Spark Launches on iPad | MacStories

Federico Viticci:

With all the email clients we’ve seen launch to great promise and eventually be abandoned for something else, it’s difficult to make the case that Spark will be around for years to come when the business aspect is still up in the air. While companies like Microsoft and Google release their email client for free to get users into their ecosystems, Readdle doesn’t have an ecosystem of web services to lock users into, and yet everything is still available for free, for everyone.

A compelling reason not to use Spark. Quality apps that stick around are funded by loyal customers or big companies that justify the expense. When an app doesn’t have either, why fall in love only to be heartbroken?

The 10 Most Popular Web Fonts of 2015 (And Fonts You Should Consider Using Instead) | Typewolf

Jeremiah Shoaf:

Welcome to the third annual edition of the ten most popular web fonts of the year as featured on Typewolf. Based on font usage data from 365 websites featured over 2015, these are the ten fonts that were used the most often…

While reviewing the data for this year, I noticed something a little disconcerting: this year’s top ten list is almost identical to the top ten list from 2014. Other than swapping out Franklin Gothic with Brown, these are exactly the same ten fonts that were featured the most on Typewolf last year.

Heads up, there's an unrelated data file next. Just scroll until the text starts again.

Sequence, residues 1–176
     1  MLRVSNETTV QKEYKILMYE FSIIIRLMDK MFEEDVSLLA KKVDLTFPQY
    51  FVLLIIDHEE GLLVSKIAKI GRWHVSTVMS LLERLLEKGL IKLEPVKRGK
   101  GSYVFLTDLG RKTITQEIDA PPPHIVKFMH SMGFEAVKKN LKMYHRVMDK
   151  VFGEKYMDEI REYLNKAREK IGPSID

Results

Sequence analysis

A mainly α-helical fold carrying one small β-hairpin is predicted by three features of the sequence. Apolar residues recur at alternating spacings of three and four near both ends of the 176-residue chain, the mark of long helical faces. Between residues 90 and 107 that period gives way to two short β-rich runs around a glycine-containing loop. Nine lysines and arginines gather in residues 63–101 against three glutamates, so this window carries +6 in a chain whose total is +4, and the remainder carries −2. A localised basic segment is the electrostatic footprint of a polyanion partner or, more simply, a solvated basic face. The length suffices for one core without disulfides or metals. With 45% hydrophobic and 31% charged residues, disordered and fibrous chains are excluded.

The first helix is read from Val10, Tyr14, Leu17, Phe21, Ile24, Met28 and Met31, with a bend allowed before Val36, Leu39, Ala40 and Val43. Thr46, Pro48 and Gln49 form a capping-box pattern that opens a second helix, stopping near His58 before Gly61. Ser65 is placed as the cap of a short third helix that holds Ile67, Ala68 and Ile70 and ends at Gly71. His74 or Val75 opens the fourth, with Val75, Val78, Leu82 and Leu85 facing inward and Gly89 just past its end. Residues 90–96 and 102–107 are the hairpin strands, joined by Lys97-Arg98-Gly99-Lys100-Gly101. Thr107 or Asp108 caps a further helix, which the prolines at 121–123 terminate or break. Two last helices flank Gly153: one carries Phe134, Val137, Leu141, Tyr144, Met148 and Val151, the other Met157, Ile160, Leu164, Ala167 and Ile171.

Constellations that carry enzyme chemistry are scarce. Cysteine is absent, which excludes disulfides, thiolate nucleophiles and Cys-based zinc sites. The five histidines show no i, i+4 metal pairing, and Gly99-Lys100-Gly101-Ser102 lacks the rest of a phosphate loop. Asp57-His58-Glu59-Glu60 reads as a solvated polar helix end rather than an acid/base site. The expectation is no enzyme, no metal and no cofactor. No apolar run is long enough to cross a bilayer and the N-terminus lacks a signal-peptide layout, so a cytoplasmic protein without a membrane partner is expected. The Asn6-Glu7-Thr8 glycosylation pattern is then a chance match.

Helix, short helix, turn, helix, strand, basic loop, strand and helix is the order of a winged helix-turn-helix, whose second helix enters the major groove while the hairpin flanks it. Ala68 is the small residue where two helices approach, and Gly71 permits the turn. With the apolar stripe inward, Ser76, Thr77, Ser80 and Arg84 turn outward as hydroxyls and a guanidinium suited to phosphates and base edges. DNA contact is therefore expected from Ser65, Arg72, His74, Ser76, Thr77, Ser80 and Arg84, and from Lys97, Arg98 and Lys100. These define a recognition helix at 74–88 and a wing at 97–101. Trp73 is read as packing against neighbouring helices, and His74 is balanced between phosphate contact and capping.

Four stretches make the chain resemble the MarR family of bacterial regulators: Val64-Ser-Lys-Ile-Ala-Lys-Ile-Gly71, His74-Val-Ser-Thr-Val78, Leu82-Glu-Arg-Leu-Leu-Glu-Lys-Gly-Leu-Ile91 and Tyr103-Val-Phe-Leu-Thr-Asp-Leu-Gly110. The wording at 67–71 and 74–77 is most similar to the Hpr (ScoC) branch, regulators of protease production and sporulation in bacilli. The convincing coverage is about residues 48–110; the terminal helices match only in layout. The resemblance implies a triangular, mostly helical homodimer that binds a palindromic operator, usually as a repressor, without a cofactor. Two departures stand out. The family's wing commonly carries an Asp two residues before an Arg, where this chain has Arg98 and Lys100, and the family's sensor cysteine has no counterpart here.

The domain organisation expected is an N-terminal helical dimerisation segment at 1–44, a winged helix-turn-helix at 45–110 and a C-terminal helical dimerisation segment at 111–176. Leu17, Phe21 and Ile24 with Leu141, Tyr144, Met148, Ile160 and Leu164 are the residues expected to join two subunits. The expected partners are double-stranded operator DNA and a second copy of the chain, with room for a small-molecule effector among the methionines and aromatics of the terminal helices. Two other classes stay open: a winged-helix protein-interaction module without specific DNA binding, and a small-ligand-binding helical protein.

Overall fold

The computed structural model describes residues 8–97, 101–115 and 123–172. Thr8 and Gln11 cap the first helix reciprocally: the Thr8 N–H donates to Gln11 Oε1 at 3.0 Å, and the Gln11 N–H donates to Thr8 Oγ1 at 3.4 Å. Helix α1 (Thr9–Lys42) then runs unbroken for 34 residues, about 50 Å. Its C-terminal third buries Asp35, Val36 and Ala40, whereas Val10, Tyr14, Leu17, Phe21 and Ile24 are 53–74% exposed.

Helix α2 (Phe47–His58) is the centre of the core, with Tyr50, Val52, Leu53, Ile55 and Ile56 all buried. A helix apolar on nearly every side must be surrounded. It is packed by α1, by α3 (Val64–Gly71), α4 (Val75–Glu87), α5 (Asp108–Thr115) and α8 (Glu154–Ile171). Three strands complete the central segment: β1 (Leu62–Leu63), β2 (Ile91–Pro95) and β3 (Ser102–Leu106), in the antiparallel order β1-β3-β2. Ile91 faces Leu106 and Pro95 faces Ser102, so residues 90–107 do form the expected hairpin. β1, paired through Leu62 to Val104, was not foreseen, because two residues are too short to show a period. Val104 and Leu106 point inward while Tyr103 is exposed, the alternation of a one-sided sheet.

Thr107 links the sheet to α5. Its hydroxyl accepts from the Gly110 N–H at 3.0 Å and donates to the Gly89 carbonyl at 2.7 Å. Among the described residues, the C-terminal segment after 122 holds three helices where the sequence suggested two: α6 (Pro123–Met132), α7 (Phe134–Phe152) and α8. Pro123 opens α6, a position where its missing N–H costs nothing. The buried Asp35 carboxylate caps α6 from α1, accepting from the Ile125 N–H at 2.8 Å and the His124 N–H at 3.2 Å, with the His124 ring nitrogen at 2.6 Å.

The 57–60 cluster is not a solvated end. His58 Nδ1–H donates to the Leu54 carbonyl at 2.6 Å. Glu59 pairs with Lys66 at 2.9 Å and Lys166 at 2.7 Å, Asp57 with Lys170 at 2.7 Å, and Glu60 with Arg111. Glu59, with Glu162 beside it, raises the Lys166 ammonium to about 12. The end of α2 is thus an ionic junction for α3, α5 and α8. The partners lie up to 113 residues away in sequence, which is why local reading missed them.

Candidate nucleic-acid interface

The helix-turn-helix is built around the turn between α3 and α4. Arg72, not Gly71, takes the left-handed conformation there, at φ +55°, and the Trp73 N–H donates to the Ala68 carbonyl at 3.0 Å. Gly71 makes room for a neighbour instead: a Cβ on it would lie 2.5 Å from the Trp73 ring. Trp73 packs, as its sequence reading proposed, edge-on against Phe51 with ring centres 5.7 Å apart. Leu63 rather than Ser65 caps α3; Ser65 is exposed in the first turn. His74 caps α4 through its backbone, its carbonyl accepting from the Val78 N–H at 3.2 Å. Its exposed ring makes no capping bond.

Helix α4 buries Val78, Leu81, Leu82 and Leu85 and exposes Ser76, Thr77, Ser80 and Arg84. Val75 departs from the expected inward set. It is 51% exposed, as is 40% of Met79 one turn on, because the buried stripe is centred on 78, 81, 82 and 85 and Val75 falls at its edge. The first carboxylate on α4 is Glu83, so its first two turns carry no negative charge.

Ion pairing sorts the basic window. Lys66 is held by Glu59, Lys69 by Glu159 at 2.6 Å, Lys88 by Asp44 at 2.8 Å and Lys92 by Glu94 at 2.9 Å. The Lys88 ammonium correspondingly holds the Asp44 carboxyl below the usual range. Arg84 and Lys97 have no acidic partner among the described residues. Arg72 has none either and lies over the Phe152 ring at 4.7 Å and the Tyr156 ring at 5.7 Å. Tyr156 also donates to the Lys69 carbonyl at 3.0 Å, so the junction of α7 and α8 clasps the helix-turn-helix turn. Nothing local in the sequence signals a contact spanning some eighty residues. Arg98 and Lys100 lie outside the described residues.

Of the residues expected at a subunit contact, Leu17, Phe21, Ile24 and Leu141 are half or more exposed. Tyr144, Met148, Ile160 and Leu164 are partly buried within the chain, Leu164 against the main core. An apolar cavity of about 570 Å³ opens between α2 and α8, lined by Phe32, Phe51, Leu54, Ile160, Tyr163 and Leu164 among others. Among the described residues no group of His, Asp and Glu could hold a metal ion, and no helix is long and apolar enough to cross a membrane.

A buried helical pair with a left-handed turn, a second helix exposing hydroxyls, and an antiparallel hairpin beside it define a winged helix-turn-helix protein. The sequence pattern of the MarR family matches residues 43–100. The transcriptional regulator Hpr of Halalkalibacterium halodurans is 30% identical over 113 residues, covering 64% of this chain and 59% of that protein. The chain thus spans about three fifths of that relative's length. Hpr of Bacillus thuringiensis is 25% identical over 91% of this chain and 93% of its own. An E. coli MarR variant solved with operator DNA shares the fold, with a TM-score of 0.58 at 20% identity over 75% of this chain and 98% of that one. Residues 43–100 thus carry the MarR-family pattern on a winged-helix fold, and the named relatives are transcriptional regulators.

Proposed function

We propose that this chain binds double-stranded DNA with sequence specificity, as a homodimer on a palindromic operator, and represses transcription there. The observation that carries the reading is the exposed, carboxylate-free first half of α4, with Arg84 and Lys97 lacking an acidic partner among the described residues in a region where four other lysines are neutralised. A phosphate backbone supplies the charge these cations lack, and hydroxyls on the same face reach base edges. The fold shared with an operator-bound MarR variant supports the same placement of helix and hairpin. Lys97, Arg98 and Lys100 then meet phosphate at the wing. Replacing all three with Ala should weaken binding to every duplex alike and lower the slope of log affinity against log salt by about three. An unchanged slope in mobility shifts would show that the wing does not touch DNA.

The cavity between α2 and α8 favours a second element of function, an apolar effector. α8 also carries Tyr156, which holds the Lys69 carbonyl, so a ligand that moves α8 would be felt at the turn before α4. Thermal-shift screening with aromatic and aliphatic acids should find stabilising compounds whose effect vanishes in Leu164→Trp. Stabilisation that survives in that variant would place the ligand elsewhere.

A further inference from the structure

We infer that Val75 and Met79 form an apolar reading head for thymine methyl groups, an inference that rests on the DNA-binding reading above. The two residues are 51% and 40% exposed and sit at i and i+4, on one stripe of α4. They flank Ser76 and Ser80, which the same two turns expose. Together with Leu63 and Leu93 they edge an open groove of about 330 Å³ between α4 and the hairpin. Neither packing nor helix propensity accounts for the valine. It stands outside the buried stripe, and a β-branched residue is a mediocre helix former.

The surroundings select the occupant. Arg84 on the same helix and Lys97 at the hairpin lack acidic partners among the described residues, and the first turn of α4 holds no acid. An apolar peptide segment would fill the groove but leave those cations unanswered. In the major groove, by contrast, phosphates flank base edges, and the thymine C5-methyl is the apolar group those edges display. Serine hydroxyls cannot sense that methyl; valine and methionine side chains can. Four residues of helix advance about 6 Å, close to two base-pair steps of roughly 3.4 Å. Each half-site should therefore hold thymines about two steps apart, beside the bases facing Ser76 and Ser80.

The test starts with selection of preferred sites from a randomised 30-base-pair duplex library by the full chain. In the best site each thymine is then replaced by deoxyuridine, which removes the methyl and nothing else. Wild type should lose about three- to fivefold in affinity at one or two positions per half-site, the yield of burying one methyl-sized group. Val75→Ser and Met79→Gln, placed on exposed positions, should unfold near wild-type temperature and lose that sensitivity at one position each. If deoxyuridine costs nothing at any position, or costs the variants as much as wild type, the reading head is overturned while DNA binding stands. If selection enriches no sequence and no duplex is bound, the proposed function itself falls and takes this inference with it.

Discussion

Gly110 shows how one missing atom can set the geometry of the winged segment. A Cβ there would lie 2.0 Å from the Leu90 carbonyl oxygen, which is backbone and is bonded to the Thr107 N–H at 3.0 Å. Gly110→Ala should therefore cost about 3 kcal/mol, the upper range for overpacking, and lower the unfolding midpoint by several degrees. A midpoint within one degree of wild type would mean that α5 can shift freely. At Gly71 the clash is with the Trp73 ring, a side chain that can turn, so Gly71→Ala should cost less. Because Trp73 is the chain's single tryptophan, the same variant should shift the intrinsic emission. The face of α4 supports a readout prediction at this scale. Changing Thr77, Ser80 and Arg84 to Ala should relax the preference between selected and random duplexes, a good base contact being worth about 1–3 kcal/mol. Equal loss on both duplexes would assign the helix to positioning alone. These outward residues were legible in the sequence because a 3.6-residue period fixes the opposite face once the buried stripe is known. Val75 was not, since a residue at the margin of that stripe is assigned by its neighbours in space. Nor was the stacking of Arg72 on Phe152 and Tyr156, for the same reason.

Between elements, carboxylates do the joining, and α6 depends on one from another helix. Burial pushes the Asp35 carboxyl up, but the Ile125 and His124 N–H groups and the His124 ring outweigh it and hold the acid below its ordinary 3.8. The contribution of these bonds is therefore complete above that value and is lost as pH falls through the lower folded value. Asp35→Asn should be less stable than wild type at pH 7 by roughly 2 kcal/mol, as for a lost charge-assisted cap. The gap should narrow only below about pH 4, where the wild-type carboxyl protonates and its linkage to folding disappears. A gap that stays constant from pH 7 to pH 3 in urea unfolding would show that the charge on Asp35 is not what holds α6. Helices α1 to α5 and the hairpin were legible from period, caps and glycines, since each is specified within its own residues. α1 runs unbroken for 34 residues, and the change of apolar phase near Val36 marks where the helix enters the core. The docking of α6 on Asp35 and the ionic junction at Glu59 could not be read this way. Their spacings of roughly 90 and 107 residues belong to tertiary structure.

Feels like we’re taking the easy way out with all these geometric, sans-serif typefaces, peeps.

Reeling Rockets Reportedly Looking to Deal Howard | NBA.com

Fran Blinebury reporting for NBA.com:

After another listless, desultory effort in a loss at Portland that sent them staggering into the All-Star break with a record below .500 and out of the Western Conference playoff seedings, interim coach J.B. Bickerstaff said his team was “broken.”

So the response might be to break the Rockets up completely.

Adrian Wojnarowski of Yahoo Sports is reporting that general manager Daryl Morey is reaching out around the league about trading center Dwight Howard.

Here’s a story I saw back in Mexico, and couldn’t write about it. The trade deadline came and went; no deal. And I mean, c’mon, who would take it? Howard had made it clear that he was going to opt out of the final year of his contract. No team was going to send some quality players and maybe some picks for a few months with him.